Wetlands: A Natural Water Treatment Alternative
The balance between industry and nature preservation is an issue that mankind constantly struggles with. Wastewater from agricultural, municipal, and industrial sources seep into natural habitats and effectively poison wildlife. This issue has historically been dealt with by the construction of water treatment facilities, but many of the facilities already installed require upgrading to deal with the ever increasing pollution problem.
The implementation of natural methods of pollution control has been an area of considerable interest for naturalists everywhere. Wetland plants cleans stagnant water while also providing a habitat for wildlife to thrive in. In most cases, the cost to implement a wetland habitat is only slightly more expensive than constructing a water treatment center.
The creation of wildlife habitats and the aesthetic of wetlands are readily apparent benefits, but there are also less obvious benefits. Vegetative root systems hold soil in place and prevent flooding and receding shorelines. These hazards can be particularly dangerous when a community has settled near a shore. Flooding can cause major problems for an area's agriculture, especially because the floodwaters may contain pollutants.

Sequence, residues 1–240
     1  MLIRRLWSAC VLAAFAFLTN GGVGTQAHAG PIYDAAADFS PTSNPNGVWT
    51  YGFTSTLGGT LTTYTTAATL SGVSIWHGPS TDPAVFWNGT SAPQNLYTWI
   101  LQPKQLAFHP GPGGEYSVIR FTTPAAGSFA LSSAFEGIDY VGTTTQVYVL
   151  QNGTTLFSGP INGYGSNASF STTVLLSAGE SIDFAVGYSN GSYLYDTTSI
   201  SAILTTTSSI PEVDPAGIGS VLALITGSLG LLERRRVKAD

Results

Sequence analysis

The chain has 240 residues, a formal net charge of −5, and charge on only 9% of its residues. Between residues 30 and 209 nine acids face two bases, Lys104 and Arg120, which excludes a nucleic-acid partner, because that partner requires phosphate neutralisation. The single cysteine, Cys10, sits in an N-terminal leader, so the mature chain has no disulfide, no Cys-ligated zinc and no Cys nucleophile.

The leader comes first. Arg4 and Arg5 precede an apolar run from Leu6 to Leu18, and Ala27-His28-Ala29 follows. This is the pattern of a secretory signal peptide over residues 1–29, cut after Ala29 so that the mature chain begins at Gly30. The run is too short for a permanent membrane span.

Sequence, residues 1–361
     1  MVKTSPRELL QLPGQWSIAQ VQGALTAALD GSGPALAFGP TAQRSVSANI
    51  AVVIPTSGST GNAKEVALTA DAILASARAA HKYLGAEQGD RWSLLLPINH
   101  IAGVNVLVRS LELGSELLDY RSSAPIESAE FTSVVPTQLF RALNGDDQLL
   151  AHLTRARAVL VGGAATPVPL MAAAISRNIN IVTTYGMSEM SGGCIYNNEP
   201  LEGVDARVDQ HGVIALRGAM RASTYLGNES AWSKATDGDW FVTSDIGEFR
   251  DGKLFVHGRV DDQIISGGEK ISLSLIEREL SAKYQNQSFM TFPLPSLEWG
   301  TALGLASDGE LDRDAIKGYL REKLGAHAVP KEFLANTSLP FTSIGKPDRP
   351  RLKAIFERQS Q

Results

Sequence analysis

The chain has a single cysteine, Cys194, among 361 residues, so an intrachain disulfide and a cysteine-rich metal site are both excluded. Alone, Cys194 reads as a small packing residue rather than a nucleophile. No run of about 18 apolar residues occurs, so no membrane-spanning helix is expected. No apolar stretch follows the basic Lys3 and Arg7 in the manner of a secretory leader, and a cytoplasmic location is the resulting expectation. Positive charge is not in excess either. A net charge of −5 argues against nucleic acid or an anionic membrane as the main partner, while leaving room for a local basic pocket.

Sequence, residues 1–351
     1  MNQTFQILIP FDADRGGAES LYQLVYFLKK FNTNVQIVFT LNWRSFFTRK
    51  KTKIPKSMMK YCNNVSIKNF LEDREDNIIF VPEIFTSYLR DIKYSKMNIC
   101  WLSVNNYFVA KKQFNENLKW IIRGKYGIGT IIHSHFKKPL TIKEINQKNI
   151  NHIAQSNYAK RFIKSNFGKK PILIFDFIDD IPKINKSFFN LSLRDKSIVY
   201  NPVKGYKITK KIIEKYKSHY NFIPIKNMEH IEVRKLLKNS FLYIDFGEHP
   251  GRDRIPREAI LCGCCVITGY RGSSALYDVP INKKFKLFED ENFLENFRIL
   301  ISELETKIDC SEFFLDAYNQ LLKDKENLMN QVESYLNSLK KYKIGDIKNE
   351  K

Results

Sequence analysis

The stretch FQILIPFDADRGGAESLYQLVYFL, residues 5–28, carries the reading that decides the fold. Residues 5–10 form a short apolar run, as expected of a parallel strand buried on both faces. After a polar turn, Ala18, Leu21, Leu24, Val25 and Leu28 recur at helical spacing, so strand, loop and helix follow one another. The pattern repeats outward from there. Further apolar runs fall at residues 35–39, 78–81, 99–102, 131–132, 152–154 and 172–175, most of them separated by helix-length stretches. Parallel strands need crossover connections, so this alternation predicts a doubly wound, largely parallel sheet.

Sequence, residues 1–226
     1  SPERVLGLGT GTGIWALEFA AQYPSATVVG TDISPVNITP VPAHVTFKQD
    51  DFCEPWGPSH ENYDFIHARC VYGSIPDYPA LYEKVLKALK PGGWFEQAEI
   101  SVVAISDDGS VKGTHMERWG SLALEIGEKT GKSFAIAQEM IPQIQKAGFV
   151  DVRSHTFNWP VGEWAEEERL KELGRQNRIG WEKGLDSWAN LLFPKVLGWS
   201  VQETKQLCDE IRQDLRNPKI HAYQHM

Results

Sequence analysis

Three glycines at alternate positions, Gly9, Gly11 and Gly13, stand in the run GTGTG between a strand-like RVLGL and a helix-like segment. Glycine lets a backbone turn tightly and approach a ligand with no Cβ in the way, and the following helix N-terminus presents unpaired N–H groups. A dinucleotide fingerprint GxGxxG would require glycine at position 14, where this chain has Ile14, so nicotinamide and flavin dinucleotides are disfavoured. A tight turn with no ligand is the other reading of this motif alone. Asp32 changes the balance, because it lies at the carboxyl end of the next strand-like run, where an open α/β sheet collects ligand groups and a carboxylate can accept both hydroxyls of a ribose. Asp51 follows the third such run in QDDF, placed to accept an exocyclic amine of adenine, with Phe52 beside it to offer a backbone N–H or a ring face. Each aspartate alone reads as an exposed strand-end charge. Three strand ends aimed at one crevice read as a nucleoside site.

The way that wetland plants cleans stagnant water is through decomposition. A variety of microorganisms live on the surface of the wetland plant's bark, roots, and leaves. These bacteria and fungi feed on the biodegradable material in the wastewater and produce carbon-dioxide (CO2) and water as a result. The wetland plants feed on the CO2 and emit oxygen (O2), which the bacteria then feed on, and the cycle continues. It's important to note that this process is only well-suited for biodegradable wastes and relatively mild pollutants. Harsher chemicals and plastics could potentially do harm to the wetlands system of filtration. It's for this reason that the wetlands water treatment system is best for municipal and agricultural waters.
There are two different systems for managing the inflow of waste water. Free water surface systems allow contact between the wastewater and the atmosphere. This system requires minimal engineering, but may emit unpleasant smells. The alternative is the subsurface flow system. These installations use a system of underground pipes to direct the wastewater under the wetlands environment. Subsurface flow systems mitigate the issue of smell, but require a greater engineering cost.